Last edited on Thu Apr 9th, 2009 06:03 by Prof Trevor Marshall

stuckpac
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 Posted: Thu Apr 9th, 2009 06:52

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Dr. Marshall,

Thanks for the info & links on BP and IP relationships.  Will look for the videos.  Good luck in Prague!  I hope your presentations are well-received.

Terry 

eClaire
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 Posted: Wed Apr 22nd, 2009 12:21

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This has been an interesting read.

One of the things I noticed is that as I became nearly totally disabled my blood pressure (always very low) approached normal or was at what is considered normal (120/70) even though I felt horrible (and my SED rate was 1). 

I'm beginning to wonder about the connection between BP, increased immune function at night, and its relationship to disturbed sleep patterns.

Claire



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Jigsaw
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 Posted: Sun Sep 6th, 2009 03:44

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What would be the advantages or disadvantages of 40mg of Benicar versus 300mg of irbesartan daily for people being put on to blood pressure medication when they are not on the MP and have no overt symptoms of chronic disease?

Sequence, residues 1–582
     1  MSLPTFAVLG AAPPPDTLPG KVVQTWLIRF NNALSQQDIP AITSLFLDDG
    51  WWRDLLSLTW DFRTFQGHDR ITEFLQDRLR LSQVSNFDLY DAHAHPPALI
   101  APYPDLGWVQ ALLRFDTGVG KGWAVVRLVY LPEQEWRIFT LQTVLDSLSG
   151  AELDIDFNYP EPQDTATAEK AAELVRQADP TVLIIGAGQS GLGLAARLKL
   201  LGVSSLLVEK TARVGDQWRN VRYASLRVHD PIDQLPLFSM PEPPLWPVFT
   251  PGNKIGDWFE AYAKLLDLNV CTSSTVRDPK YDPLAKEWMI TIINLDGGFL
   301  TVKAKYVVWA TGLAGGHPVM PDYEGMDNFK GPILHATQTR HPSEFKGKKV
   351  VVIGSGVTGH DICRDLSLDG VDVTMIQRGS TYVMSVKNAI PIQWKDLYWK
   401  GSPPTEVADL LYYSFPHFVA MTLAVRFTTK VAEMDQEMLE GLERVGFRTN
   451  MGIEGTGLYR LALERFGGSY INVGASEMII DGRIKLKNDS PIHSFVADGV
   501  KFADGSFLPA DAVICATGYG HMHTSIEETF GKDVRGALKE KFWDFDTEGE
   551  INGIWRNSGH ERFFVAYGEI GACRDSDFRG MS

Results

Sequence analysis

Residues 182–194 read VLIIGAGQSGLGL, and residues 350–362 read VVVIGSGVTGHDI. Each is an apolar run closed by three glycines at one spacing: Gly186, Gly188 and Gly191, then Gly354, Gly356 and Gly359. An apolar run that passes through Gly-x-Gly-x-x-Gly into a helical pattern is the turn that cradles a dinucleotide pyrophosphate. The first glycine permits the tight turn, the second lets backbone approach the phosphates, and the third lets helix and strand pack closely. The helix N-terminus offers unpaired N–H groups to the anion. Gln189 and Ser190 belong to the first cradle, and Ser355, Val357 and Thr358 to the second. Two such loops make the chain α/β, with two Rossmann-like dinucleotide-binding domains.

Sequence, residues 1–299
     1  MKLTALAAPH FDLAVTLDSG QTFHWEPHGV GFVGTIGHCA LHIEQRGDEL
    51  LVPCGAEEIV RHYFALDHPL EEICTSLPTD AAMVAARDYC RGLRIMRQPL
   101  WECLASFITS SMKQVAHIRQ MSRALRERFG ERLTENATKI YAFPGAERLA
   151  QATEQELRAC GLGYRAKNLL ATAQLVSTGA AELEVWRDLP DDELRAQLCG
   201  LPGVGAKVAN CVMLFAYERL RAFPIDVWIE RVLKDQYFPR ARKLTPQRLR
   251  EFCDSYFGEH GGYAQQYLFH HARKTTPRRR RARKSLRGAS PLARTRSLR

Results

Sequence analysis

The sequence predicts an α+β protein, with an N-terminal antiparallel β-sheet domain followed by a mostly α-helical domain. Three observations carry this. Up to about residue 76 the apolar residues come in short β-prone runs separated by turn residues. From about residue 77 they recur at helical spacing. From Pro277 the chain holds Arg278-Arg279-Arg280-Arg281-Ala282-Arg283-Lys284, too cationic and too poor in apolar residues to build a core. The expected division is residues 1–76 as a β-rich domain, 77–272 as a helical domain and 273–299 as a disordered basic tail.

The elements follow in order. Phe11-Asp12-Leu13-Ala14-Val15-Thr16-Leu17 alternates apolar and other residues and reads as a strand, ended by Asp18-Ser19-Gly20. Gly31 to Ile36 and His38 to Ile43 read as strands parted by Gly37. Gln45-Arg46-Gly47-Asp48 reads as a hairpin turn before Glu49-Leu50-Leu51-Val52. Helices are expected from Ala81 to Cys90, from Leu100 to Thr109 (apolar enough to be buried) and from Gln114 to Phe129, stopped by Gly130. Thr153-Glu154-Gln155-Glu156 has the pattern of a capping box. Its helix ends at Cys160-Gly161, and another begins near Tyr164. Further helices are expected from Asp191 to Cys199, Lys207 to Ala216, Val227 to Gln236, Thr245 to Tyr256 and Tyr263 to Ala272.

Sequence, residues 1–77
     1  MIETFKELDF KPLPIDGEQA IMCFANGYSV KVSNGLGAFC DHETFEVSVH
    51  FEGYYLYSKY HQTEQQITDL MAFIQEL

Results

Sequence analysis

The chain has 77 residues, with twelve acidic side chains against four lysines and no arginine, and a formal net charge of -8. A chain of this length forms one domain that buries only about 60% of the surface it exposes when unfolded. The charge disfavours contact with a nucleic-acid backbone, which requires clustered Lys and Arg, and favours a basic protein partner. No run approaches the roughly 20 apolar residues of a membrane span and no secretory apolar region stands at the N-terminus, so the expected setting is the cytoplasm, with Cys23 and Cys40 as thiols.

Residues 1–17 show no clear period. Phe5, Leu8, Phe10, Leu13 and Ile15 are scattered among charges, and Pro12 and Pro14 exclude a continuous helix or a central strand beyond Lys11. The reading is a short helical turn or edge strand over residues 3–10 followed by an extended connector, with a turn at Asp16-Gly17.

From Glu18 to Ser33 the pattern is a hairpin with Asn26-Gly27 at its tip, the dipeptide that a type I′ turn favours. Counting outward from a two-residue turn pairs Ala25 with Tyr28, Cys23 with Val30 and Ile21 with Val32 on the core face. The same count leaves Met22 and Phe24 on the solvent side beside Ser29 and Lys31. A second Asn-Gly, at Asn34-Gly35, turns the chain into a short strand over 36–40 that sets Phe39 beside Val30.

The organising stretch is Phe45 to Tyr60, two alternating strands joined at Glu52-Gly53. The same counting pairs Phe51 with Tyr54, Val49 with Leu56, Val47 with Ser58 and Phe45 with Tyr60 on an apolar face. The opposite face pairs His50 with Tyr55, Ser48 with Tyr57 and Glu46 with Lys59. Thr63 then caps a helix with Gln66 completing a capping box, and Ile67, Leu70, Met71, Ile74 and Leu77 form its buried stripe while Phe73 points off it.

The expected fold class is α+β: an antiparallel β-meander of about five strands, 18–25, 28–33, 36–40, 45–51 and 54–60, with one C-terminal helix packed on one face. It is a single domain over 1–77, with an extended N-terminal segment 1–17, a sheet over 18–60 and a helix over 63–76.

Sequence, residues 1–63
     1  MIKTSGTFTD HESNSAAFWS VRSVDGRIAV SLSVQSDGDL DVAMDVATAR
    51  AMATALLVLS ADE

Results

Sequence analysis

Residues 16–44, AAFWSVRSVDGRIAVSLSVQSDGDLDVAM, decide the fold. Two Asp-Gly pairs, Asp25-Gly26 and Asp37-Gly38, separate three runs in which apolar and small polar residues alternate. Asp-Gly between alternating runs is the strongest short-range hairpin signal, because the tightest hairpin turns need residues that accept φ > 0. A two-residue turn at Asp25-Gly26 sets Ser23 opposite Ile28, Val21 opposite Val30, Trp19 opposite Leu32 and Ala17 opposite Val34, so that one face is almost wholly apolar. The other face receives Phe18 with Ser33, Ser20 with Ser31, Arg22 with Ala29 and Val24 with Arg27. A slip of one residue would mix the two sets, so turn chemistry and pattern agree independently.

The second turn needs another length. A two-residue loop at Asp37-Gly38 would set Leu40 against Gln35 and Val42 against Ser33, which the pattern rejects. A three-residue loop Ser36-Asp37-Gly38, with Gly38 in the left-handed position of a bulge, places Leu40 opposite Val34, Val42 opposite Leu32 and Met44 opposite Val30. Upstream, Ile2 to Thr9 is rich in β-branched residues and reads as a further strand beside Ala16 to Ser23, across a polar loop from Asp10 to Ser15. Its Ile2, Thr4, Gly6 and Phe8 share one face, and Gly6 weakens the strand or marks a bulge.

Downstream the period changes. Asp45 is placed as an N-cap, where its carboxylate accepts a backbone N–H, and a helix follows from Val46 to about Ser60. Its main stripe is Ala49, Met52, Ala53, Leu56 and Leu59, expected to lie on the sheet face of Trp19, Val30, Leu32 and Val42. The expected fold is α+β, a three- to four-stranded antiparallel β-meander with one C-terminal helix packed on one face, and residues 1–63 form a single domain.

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Joyful
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 Posted: Sun Sep 6th, 2009 03:50

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Hi Jigsaw. :)

Dr. Marshall reviewed the ARBs for this talk:
Marshall TG, 2006 March
Visiting Professor Lecture Series, organized by the FDA
Molecular genomics offers new insight into the exact mechanism of action of common drugs: ARBs, statins and corticosteroids
Bethesda, MD

You may also find these links to be helpful:
Science behind Marshall Protocol
Science behind olmesartan (Benicar)
Safety of olmesartan (Benicar)



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Prof Trevor Marshall
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 Posted: Sun Sep 6th, 2009 08:57

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Jigsaw, everybody carries the metagenomic microbiota. Only Olmesartan is a VDR agonist. Although Irbesartan will give palliation from its blocking of the Angiotensin II Type 1 Receptor, which reduces NuclearFactor-kappa-B generation, only Olmesartan can induce recovery from the microbiota that will eventually lead to either a 'middle-age' chronic disease, or a 'disease of the aging'.

Very few people die without overt signs of Th1 disease. Indeed, I keep looking, but to date every centenarian I have seen is suffering from deafness and blindness,  even if not from the more obvious Th1 disorders.
 

Phillyguy
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 Posted: Sun Sep 6th, 2009 09:07

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Dr. Marshall,

Out of curiosity, how can one determine definitively that olmesartan is a VDR agonist? Is it based purely on modelling, clinical data or both? Is it something that can be calculated or is it inferred from the position it occupies in the VDR?